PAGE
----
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Gabonese Artist Uses Flower Power to Tackle Horrors of Female Genital Mutilation


By embellishing black and white photos taken during the French colonial period in Africa, Franco-Gabonese artist Owanto invites viewers to reassess their understanding of female genital mutilation (FGM). She hopes to promote education and dialogue through culture and, little by little, “change the world”.

For Owanto, it is very appropriate that her artworks be shown inside a place of justice and contemplation.

She is referring to a beautiful domed building known as the Chapel, in the courtyard of the Paul Eluard Art and History Museum in Saint-Denis, north of Paris. Her works are on display here as part of a temporary exhibition Un.e Air.e de Famille.

The eye is drawn to the words Justice De Paix – justice and peace – carved into the stone above the entrance.

The building used to belong to a 17th century Carmelite convent next door, which today houses the museum’s permanent collections. In the 1800s, it was used as a courtroom.

For Owanto, the voices of those who have been silenced can finally be heard “in a place of justice”. By this she means victims of FGM.

Her works Flowers and One Thousand Voices aim to change the narrative around this cruel and unnecessary practice. It’s a contemporary problem she says, with a contemporary solution, and institutions, such as museums can play a key role in opening the discussion, she tells RFI.

Letting the forgotten speak

It all began when Owanto found a tiny photograph of a young girl’s circumcision, taken in 1940s colonial era in what was known as the Afrique Equatoriale française. She was shocked and disgusted.

But rather than leave it to languish, forgotten in a drawer, she decided to “make it speak” by enlarging the print and adding a large pink flower made from finely sculpted porcelain.

In creating Flowers II (La jeune fille à la fleur) she guides the viewer’s attention directly to the spot that is painful to witness, turning an ugly act into something beautiful, to begin a process of healing, of compassion.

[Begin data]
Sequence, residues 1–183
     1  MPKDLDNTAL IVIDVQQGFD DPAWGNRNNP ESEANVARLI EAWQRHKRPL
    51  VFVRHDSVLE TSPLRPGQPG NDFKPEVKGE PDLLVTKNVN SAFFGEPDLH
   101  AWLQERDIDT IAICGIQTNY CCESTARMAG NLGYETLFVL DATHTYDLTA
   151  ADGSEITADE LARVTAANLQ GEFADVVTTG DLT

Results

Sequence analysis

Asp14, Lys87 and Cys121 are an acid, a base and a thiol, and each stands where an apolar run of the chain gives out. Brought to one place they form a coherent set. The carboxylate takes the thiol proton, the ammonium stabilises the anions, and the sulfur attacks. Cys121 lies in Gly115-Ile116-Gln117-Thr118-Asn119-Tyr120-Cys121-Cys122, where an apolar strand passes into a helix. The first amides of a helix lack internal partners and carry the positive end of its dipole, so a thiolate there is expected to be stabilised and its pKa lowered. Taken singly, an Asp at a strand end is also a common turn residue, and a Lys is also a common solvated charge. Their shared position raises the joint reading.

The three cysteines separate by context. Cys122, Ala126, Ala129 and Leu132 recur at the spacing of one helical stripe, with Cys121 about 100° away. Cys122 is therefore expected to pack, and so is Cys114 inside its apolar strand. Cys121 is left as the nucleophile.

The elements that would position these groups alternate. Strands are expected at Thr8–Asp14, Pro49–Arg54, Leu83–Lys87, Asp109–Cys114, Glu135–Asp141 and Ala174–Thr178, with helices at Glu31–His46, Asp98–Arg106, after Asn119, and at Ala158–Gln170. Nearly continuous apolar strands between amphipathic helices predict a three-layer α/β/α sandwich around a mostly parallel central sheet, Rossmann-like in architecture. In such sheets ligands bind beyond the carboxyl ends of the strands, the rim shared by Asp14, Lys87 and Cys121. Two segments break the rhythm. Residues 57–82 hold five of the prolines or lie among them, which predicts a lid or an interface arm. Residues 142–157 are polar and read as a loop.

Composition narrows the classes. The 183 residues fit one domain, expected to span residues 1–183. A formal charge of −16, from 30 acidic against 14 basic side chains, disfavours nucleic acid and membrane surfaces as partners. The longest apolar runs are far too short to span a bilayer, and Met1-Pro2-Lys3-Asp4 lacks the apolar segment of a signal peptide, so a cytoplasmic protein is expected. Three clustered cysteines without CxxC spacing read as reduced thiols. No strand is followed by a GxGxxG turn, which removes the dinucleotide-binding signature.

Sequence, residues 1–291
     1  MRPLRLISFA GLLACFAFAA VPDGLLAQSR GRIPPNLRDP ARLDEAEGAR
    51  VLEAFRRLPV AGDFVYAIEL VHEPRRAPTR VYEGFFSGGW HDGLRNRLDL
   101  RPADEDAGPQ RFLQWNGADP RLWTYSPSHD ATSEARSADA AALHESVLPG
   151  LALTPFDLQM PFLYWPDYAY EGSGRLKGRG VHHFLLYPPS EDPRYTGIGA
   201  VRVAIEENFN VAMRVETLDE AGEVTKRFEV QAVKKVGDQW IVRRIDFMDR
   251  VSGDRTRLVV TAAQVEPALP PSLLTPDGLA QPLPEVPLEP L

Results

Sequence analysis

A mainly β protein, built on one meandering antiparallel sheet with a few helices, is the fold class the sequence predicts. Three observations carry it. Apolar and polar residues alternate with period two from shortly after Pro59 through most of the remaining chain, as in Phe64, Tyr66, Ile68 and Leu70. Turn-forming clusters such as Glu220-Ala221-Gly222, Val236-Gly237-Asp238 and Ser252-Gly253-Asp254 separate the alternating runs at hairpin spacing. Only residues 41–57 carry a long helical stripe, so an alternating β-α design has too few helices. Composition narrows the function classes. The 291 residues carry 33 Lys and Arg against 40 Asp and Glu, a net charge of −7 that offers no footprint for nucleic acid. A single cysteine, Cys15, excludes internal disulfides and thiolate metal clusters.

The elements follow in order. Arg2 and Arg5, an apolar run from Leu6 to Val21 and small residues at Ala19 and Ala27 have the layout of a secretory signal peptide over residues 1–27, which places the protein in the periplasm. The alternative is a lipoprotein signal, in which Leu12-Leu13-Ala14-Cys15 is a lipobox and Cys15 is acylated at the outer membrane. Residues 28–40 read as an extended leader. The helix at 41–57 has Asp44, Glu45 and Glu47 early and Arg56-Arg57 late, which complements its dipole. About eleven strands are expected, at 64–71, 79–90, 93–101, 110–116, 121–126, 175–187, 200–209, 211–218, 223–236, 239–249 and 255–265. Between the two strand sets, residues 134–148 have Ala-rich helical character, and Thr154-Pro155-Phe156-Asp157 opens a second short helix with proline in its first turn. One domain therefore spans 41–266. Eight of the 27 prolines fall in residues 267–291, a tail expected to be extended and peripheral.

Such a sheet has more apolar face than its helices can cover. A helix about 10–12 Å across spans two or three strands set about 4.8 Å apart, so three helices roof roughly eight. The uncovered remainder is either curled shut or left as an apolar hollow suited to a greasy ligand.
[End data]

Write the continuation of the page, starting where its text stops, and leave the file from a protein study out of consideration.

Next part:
“The flower blooming her between her legs is inviting us to contemplate the world where women are going to be complete, not cut,” the artist says, adding that she sees herself as a kind of facilitator, with a responsibility towards the subject.

“I never approached this subject with hostility, I was more like a mother, listening,” she says, explaining that she didn’t want to confront these practices forcefully, otherwise the people who carry them out will turn away and not listen.

Powerful message

By using art, she can soften the blow, all while carrying a powerful message: “violence against girls has to cease”.

FGM harms millions of young girls and women each year. Although often associated with the African continent, the practice can be found across the globe.

It is the older women, who suffered themselves, who continue to carry out the practice on their daughters and relatives, without question. It is only through their awareness that the first steps to eradicate it can be made, Owanto says.

On the other side of the chapel, another photograph which the artist calls Ladybird (Flowers VII), also black and white, with large red porcelain flowers which cover the women’s faces. It carries a more combative message of women reclaiming their territory, she says. “Fighting with flowers,” the women are taking back control of their bodies.

As well as the two large works from her Flowers series, there is an immersive sound installation developed with her daughter, journalist Katya Berger called One Thousand Voices.

This collection of audio testimonies collected from FGM survivors from 36 countries, in 24 languages, lifts the women’s experiences out of the private sphere and into the public realm.

Owanto is pleased the project has been heard at conferences and in classrooms around the world, particularly on the African continent. With the Future Shakers Initiative, it has been heard by students in Nigeria, Sierra Leone, Kenya and Senegal, with more projects on the way.